*. Screenplay by Charles Bennett, the long-time Hitchcock collaborator. It makes you wonder how much of Hitch was Hitch and how much was actually Bennett (something I’ve wondered about before, see my notes on Night of the Demon). There are so many Hitchcockian elements in this film, from the familiar set-up of an innocent fugitive couple on the run to the dominant tone of comic suspense.
*. How to make Robert Mitchum seem even dopier and more lumbering than usual? Have him suffering the progressive effects of a concussion. I’m not sure it makes sense, but they took the qualities they had in their star and ran with them. They also take the conventional soft malleability of the noir hero, who is putty in the hands of the femme fatale, to a new extreme, as Jeff finally collapses to the floor like a slug at Margo’s feet.
*. But . . . Dr. Robert Mitchum? I don’t buy it. You can’t change your trench coat for a lab coat that easily.
*. Mitchum’s present absence allows Faith Domergue’s Margo to take over. This is, of course, something that any good femme fatale is always itching to do anyway, and the role again plays to her strengths as she seems slightly off-kilter from the start. She is too bold and manic in her maneuverings.
*. She’s also an outlier as a femme fatale in that her psychopathy is the result of a mental illness. She can be both cold and calculating and then clingy and helpless the next moment, and leave us feeling unsure how much of her behaviour is an act.
*. I kept wondering when she was going to try and get rid of Jeff during their escape, and I’m still not sure if (a) she didn’t want to, or (b) she just hadn’t found the right opportunity. In the honeymoon suite scene you get an uneasy feeling something bad is about to happen when Jeff goes to get a cold towel for his head (we know what happened the last time he did that), but then later she flies into a rage at his mention of Julie’s name. Is she jealous? Does she really love Jeff?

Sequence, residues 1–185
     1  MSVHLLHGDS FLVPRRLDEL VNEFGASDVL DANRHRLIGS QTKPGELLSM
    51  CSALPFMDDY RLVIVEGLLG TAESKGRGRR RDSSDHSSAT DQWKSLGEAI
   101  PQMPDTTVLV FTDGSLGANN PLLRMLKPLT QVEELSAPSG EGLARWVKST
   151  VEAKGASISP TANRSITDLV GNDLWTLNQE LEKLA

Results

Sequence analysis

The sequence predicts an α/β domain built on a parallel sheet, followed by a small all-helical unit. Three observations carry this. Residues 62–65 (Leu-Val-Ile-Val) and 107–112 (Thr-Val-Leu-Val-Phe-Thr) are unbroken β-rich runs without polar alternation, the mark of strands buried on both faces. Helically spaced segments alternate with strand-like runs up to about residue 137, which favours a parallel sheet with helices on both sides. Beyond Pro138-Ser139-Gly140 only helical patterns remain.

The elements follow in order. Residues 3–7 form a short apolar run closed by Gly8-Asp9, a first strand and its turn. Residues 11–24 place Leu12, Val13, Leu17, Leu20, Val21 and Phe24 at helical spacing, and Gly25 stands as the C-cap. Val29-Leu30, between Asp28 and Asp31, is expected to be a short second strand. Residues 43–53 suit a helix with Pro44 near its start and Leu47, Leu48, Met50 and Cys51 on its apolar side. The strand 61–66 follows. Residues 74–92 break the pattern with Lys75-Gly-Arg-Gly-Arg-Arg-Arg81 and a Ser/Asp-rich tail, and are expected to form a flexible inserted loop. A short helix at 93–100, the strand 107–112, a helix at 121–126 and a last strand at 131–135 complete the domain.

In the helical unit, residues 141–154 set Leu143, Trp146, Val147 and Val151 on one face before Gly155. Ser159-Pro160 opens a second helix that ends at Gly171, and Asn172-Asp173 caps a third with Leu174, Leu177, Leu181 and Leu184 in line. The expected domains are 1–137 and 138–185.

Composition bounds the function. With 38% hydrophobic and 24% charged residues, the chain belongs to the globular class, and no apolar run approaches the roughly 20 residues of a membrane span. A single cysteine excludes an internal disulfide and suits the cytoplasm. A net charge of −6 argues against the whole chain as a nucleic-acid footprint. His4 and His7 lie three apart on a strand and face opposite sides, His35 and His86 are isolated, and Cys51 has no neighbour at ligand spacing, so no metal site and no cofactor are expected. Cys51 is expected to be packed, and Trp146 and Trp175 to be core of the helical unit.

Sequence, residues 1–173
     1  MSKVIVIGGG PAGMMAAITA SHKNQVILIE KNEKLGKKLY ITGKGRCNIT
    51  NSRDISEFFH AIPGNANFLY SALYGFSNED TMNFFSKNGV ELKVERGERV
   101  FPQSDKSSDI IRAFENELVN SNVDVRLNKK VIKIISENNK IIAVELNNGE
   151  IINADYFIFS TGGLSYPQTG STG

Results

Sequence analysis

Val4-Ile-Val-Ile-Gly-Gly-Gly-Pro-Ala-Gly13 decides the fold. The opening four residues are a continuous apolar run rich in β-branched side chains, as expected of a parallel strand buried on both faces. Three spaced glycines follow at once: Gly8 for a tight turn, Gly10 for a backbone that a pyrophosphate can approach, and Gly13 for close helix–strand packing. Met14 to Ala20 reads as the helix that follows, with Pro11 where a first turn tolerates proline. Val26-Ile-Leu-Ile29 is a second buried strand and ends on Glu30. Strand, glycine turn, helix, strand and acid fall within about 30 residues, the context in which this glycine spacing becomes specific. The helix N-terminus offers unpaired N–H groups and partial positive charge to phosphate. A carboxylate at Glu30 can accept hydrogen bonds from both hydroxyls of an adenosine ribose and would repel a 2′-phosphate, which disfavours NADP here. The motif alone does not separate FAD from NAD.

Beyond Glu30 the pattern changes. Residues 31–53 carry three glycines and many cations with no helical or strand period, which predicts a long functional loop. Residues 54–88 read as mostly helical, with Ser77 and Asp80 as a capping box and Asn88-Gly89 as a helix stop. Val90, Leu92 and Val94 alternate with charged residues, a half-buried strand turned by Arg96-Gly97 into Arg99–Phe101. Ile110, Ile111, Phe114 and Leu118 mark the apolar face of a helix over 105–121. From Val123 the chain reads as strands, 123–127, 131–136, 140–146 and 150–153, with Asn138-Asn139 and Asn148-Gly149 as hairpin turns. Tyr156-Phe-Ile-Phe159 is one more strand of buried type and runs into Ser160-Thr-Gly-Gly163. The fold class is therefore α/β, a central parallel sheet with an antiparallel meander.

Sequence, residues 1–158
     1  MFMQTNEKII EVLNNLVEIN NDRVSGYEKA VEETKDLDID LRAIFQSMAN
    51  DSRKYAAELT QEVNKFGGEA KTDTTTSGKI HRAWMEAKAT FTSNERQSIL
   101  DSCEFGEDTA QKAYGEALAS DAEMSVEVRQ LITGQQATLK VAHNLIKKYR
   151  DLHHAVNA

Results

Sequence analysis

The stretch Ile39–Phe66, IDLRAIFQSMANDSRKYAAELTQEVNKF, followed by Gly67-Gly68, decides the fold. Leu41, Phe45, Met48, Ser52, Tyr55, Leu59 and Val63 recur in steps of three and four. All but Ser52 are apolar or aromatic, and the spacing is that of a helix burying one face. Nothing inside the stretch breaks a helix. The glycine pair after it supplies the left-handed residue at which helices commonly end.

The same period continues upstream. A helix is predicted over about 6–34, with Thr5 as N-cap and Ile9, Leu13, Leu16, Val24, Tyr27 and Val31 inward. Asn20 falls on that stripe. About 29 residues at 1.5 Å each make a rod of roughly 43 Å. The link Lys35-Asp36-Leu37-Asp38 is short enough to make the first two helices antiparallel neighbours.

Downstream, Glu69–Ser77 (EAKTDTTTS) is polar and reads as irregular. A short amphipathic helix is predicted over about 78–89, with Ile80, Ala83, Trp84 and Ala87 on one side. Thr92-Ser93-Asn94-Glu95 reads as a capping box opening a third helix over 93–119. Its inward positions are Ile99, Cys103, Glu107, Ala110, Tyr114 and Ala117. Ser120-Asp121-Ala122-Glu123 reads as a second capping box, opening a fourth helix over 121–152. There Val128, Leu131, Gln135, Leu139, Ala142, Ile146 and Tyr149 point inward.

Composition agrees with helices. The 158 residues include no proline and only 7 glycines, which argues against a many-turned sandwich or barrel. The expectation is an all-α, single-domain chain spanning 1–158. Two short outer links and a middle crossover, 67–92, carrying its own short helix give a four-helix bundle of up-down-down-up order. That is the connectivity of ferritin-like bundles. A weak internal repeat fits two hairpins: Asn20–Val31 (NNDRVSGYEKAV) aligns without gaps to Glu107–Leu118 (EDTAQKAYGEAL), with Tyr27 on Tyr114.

*. On a related point, I was never sure what Margo’s plan was. She has some money salted away in Mexico (or so she says), but then what? Is Jeff going to start practicing medicine down there? Is this a worthwhile question, or do we just shrug and say “she’s crazy, she doesn’t know what she’s doing”?
*. Digging a little deeper: who is the guy who brings Margo in at the beginning? I originally assumed he was one of Lannington’s flunkies, but it’s left totally unexplained, as is Margo’s attempted suicide. At the end of the movie Jeff will say to her “You tried to kill yourself over the other one, didn’t you?” which I assume is referring to this character, but it’s not clear.
*. Yes, it’s typical of noir plots that they don’t bear much looking into. To take another example, why does Margo agree to (or arrange to) meet Jeff at Pogo Pete’s when she says she has to leave a couple of minutes after meeting him because she’s told her husband she was only running out to the drug store (in her mink and evening dress)? You could say she’s acting out like this because she’s crazy, but I don’t find that convincing. I think it’s indicative of Bennett’s Hitchcockian disregard for plausibility.
*. I’ve pointed this out before, but it’s worth repeating: when you see a woman driving in a noir, with the man in the passenger seat, you can be pretty sure it’s not going to end well. They’re taking someone for a ride. Of course Jeff really shouldn’t be driving here because of his injury, but anything’s better than letting Margo take the wheel.
*. The cat being locked up with the corpse may be a nod to Poe, but I initially wondered why it would start yowling after only a day of being left alone in a mansion that size. I missed the line when the cat is first introduced, explaining that it doesn’t live in that house.